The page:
New "externals" like the fluidised sand filters have come onto the market in recent years, but the old combo of electric pump, and a container of immobile media is common to both external, and internal filters and is even found in the old hang-on models, too.
Trickle filter design has also changed little since its inception. Yes, there are more marine fishkeepers using totally submerged (usually sintered glass) media to reduce nitrate in the sump, but the same various types of trickle-fed plastic media can be found in all of the units.
Yes there are chemical units and reaction chambers – yes, you can reduce nitrates electrically – but the basics of water flowing through and over media remain the same in most units.
I wondered if there were other ways left, not exploited by commercial filtration systems (I lie – I knew there were other ways of setting-up biological filtration but I wondered if there were state-of-the-art commercial systems that were set to follow the fluidised sand filter into hobby use). A timely piece of copy faxed its way onto my desk about the same time…
Sparsholt college lecturer Craig Baldwin has been writing a series for PFK, taking us in detail through the whole process of filtration. In a yet-to-be published part of the series (it will appear in the October edition) he writes about filtration systems with the benefit of access to "industrial" systems. Some of these are still remote from the hobby in this country, though they must have attracted the interest of most of the bigger research-minded aquatic equipment companies.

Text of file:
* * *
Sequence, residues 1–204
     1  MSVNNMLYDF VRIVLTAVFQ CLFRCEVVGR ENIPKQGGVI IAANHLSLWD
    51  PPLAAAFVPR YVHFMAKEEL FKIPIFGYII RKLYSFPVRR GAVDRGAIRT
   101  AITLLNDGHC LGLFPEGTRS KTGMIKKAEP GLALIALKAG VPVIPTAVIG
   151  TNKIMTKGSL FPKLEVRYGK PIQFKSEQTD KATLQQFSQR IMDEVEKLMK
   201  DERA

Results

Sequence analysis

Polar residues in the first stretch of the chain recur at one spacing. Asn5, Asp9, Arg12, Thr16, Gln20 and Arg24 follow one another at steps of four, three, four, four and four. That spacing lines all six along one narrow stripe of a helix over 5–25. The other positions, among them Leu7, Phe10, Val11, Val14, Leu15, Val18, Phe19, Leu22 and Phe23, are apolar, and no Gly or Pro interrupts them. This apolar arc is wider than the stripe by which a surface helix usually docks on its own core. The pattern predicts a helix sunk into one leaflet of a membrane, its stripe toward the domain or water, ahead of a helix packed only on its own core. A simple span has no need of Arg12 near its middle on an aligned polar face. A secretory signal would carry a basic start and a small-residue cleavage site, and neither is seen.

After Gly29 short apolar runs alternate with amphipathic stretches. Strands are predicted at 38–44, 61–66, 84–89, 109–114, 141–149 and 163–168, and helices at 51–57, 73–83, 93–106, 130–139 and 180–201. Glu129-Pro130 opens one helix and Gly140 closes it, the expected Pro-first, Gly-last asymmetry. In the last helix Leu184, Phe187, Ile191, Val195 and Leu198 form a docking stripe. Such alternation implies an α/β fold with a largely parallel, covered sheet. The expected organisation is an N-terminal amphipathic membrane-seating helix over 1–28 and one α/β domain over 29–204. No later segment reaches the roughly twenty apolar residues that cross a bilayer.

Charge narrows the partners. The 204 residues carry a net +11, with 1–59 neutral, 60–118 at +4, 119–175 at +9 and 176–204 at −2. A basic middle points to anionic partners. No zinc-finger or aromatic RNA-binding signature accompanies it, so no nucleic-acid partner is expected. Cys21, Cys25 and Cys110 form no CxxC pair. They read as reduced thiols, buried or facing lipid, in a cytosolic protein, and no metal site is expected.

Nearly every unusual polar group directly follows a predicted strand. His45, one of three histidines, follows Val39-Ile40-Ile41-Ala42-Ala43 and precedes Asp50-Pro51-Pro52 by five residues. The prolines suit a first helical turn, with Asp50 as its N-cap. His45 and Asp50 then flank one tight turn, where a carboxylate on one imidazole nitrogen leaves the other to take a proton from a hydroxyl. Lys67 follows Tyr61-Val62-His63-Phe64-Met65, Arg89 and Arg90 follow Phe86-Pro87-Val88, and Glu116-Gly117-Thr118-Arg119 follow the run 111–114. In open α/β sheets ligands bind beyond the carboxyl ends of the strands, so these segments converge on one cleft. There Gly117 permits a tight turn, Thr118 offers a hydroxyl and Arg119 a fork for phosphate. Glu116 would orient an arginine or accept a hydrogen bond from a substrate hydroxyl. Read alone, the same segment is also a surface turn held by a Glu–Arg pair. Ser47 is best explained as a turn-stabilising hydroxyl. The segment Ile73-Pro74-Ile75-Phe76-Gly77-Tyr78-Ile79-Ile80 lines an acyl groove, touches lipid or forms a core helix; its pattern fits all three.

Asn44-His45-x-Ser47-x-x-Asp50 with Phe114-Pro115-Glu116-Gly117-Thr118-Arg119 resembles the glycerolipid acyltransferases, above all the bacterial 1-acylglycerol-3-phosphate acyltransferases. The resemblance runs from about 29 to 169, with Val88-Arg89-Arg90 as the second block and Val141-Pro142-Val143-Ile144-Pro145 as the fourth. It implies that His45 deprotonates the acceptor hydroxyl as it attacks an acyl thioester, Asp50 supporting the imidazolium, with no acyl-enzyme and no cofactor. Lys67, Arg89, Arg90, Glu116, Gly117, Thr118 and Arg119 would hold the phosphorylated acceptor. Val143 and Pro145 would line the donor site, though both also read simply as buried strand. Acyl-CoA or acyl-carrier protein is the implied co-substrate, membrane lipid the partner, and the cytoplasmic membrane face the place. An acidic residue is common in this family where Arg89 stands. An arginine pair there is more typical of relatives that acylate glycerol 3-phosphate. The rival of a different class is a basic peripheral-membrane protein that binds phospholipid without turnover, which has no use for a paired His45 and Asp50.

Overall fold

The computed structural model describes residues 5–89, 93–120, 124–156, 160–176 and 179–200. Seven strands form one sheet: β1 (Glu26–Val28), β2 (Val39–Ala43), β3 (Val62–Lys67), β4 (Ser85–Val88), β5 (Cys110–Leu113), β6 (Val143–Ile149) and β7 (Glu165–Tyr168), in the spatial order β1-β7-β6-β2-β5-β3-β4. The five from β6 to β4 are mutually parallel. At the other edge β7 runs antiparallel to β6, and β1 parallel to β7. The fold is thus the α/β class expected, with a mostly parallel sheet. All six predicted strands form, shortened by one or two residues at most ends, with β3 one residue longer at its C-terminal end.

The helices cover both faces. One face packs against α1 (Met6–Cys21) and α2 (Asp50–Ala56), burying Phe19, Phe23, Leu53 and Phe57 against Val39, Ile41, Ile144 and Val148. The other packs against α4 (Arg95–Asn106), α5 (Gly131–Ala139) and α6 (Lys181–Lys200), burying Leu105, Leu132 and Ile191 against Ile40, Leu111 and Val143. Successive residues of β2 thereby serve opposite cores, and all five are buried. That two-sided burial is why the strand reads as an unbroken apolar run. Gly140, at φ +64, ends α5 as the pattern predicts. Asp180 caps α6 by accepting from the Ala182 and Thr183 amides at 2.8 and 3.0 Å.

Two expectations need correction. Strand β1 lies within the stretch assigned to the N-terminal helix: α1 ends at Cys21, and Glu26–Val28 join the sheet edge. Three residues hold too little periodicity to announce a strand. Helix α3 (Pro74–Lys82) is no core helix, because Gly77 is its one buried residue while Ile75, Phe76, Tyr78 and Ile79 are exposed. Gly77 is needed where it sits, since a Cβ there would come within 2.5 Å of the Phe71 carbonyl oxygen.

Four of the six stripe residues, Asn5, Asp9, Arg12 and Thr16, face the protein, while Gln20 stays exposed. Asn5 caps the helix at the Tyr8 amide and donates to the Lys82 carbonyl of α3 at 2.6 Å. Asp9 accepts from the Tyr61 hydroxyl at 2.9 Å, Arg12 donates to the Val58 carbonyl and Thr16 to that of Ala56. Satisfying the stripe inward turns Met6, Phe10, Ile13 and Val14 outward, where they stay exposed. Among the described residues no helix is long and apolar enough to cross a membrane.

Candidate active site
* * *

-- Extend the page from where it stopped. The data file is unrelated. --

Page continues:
A revolving filter (or Rotating Biological Contactor) is not available to hobbyists in the UK (though something similar IS in the USA). Here the media is rotating discs or slats constantly turning in a partially-submerged setting, so that they pass alternately through air and water. This feeds the filter bacteria a 50% mix of air and the nutrient-laden water they require.
There are problems and drawbacks to the system as Craig explains, but there's food for thought here. He outlines another system, too, a relative of fluidised sand called the floating bead system. Here beads of 3 to 5mm float in a pressurised system which can be flushed regularly. Apparently these are hugely successful in systems with large greedy fish. Craig reckons that it's just a matter of time until systems like these become available on the hobbyist market.
© Steve Windsor. May not be reproduced in part, or whole, without permission.